Security Cameras

03 Aug 2021

The Monitoring Control Room – Overhead or Asset?

Bold Communications Stand: 3a/A1

In the current climate, there are few that have not experienced the cold hand of austerity.  In particular, the public space surveillance control rooms which multiplied in the 90’s and early part of the 21st century have not avoided the squeeze on public sector spending.  This, despite their significant public safety contribution and the savings in police time and resources.  Public space CCTV never solved a crime on its own but it surely provided essential evidence and intelligence on countless occasions.     

For some control rooms, withdrawal or reduction of funding has meant partial or complete closure. This funding predicament has forced a rethink of how the role of the control room can be re-shaped to generate revenue.

A Range of Services

Adding security and safety monitoring to the range of existing control room services is one option adopted by a number of public sector bodies.  An existing control room already has space and experienced staff, and also very often ready-made clients – municipal buildings, schools and other council assets in need of protection.  Typically, there will be an existing working relationship with the local police, if not an actual police presence in the control room.  And while alarm monitoring can sometimes be viewed as a price driven commodity service, an inhouse operation can often provide  added value.

The local authority control room does not have to be limited to fire and intruder monitoring.  Increasingly, council control rooms are providing a range of services, including CCTV and audio alarm monitoring, lone worker protection and telecare.  With the right technology in place, many of these services can be integrated.  For example, an onsite panel for intruder and panic alarms may be installed alongside a fire system, CCTV and intercom – all of which can be remotely monitored and the data processed within a single ‘account’.  System intelligence can process data from multiple inputs and active site contingencies, such as whether a site is closed or open, apply analytics data and report on the status of a device.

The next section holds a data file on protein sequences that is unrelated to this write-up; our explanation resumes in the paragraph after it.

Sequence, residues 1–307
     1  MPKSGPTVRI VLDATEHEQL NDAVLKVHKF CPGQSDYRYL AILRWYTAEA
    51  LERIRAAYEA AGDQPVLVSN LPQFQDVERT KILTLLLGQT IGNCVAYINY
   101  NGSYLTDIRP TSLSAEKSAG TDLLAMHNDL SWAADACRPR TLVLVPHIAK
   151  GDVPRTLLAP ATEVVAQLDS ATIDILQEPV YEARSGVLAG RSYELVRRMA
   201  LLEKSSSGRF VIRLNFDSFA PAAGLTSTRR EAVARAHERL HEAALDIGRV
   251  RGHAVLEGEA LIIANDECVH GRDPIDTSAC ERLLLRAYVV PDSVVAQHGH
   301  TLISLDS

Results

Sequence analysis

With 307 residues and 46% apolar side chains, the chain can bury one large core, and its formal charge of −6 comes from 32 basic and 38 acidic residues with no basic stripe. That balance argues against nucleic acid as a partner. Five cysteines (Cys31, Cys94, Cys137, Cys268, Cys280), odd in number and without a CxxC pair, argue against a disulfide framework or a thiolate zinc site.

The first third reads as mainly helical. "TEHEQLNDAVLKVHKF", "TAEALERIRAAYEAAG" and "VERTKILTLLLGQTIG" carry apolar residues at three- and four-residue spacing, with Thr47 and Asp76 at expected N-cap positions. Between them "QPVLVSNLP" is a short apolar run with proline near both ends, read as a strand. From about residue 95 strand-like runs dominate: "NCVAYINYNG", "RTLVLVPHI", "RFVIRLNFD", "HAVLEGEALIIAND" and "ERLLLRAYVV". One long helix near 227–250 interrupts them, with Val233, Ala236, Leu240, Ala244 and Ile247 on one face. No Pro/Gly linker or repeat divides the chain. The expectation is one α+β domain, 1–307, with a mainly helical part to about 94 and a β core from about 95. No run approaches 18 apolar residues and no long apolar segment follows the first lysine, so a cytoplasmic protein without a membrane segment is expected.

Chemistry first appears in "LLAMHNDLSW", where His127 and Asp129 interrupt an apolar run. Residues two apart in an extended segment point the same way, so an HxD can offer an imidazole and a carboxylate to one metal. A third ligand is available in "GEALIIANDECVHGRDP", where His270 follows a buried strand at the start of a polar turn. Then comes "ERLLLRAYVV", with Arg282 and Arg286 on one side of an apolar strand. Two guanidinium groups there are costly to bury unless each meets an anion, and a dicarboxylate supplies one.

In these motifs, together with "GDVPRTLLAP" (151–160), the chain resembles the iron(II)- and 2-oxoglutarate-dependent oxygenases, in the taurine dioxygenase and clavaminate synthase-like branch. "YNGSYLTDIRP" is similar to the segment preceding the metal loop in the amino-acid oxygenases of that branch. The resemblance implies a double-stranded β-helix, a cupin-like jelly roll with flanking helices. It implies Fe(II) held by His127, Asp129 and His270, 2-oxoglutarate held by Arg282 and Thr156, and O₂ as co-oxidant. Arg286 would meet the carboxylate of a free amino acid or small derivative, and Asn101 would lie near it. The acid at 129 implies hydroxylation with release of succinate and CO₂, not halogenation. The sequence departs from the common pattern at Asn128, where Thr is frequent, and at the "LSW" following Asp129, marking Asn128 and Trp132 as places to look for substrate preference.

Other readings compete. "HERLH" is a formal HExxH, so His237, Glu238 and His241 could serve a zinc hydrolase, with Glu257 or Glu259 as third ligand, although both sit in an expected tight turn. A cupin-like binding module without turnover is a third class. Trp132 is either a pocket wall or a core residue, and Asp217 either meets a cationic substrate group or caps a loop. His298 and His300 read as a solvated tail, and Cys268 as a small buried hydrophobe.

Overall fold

Setting a Good Example

A good example of a 24-hour local authority control room which is maintaining and extending its services is run by the CCTV Manager at Bradford council, Phil Holmes, “Bradford’s CCTV system has proved its value over many years, supporting thousands of criminal prosecutions and saving valuable police resources.  At a time when the public sector is facing severe funding challenges, we also recognise the importance of exploring opportunities to generate revenue for the control room.  So, in addition to public space CCTV surveillance, we have for some years provided fire, intruder and alarm activated CCTV monitoring, building up a high level of experience and capability in this area. 

“It is also important to ensure best practice is always observed.  To underline that commitment, we went through the BS5979 accreditation process, enhancing our monitoring operations and demonstrating that our services can stand up with the best in the sector.  More recently, we also now operate a lone worker protection solution for council workers.  This enables those at risk to discreetly send a call for help, with location details and voice verification, using either their smartphone or a dedicated GPS device. 

“Working closely with our software provider, Bold Communications, we have been able achieve the level of efficiency needed to achieve a return on the investment in our monitoring facilities.  It has also provided the confidence needed to go forward into potential new monitoring activities, using our existing assets and knowledge.”

Innovative thinking for the public-sector control room is essential given the funding squeeze, a challenge which is set to continue. 

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